Using Duran Gonzales as an example, this Comment discusses how courts determine when and if conflicting rules of law should be applied retroactively to aliens. Specifically, it argues that the holding in Nunez-Reyes and its use of the Chevron Oil test should be applied broadly to limit the retroactive application of law in certain immigration cases. Part II of this Comment gives a brief overview of Supreme Court retroactivity jurisprudence, the discretionary application of adjudicative retroactivity as described in Chevron Oil, and the Court’s recent shift toward a more conservative approach. Part III discusses how administrative law affects that framework and how courts apply it after the Supreme Court, in Chevron USA and Brand X, adopted a policy of extreme agency deference. Part IV discusses the Ninth Circuit’s Nunez-Reyes decision. Part V traces the complex procedural and factual history of Duran Gonzales as well as the Ninth Circuit and BIA cases surrounding it. Part VI discusses the Ninth Circuit’s recent decision of Duran Gonzales III and explains why it failed to apply Nunez-Reyes appropriately. Finally, Part VII offers a brief conclusion.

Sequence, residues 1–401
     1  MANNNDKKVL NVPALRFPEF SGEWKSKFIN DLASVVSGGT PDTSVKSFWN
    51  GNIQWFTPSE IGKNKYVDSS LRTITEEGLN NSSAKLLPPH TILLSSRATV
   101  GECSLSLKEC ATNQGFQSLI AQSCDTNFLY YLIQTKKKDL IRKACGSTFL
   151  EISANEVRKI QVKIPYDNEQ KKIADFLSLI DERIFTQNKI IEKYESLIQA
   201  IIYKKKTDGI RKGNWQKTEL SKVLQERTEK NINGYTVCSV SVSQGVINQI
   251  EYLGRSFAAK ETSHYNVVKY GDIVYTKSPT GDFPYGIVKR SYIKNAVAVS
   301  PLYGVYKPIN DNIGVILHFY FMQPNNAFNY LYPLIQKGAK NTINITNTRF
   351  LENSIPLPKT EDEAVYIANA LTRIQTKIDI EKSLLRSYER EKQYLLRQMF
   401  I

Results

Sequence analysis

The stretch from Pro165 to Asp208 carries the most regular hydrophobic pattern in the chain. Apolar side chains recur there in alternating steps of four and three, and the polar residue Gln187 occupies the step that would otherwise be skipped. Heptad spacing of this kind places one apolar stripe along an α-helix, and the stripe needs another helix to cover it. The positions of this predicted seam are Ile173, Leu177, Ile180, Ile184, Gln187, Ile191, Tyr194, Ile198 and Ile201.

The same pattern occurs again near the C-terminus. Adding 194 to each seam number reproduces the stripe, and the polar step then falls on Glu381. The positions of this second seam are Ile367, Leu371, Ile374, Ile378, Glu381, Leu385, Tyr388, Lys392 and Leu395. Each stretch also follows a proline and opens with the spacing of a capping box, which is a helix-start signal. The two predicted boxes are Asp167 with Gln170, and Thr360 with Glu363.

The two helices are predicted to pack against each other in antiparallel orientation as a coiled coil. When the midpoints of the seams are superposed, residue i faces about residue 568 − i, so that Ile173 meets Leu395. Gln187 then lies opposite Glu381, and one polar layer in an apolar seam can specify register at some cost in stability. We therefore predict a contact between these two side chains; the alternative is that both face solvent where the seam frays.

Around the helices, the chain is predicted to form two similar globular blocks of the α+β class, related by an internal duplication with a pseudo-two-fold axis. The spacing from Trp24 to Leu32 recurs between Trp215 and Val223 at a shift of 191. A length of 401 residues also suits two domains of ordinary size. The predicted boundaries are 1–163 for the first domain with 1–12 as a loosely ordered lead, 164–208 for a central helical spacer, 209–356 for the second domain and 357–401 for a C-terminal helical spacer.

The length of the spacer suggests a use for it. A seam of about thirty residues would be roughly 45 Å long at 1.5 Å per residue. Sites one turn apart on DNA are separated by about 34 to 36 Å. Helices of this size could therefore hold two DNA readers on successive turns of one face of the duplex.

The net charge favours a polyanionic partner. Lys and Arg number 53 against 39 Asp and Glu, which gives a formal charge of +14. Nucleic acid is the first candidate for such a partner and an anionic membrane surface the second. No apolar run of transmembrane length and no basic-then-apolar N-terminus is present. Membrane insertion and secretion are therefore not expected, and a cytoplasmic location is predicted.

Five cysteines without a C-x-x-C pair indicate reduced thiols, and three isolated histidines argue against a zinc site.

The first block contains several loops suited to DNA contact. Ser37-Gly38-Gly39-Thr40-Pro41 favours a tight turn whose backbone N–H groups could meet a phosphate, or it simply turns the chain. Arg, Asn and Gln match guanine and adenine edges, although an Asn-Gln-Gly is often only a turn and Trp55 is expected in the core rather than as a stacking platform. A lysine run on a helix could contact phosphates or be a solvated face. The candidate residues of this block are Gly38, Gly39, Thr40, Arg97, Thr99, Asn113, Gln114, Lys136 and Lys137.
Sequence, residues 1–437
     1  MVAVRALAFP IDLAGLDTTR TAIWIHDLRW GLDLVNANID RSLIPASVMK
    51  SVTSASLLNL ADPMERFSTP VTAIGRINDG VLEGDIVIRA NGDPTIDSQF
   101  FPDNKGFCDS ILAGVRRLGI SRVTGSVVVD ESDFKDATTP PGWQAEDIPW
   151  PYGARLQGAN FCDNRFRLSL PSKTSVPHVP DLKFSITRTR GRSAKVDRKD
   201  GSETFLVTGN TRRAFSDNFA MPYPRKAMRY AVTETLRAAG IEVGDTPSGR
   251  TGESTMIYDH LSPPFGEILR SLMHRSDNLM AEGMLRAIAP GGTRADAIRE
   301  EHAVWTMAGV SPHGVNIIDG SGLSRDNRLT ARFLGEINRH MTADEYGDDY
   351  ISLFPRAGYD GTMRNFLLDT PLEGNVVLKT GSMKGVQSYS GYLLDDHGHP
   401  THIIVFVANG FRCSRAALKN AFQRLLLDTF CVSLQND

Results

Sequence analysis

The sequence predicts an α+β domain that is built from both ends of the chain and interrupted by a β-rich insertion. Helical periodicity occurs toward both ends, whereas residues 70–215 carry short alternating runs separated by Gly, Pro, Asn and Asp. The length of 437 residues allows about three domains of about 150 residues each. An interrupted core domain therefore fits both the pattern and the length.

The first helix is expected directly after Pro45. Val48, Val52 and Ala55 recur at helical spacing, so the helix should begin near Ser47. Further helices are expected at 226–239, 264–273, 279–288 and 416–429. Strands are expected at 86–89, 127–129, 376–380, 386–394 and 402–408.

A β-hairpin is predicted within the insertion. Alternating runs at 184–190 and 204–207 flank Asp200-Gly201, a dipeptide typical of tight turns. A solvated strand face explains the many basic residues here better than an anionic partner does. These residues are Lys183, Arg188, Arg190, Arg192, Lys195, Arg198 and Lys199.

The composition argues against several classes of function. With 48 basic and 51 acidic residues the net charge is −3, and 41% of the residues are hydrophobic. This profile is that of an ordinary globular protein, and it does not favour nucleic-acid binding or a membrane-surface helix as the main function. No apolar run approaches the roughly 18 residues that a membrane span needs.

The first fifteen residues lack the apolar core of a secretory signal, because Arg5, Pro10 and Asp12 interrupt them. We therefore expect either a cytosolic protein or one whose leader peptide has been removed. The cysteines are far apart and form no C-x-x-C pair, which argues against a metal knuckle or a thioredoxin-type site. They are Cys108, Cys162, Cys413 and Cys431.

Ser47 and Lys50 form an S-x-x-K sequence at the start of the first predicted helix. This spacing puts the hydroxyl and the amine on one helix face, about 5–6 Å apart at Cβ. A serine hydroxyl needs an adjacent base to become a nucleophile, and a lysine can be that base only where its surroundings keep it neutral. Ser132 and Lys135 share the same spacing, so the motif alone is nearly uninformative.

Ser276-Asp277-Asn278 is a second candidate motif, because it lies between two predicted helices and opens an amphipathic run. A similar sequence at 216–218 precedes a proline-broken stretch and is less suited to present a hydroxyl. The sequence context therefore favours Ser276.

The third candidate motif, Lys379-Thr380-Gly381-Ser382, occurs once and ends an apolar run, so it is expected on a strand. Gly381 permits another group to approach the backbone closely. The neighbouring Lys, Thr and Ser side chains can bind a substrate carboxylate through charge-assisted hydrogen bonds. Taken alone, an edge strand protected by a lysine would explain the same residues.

Elliot Watson, The Revival of Reliance and Prospectivity: Chevron Oil in the Immigration Context, 36 SEATTLE U. L. REV. 245 (2012).
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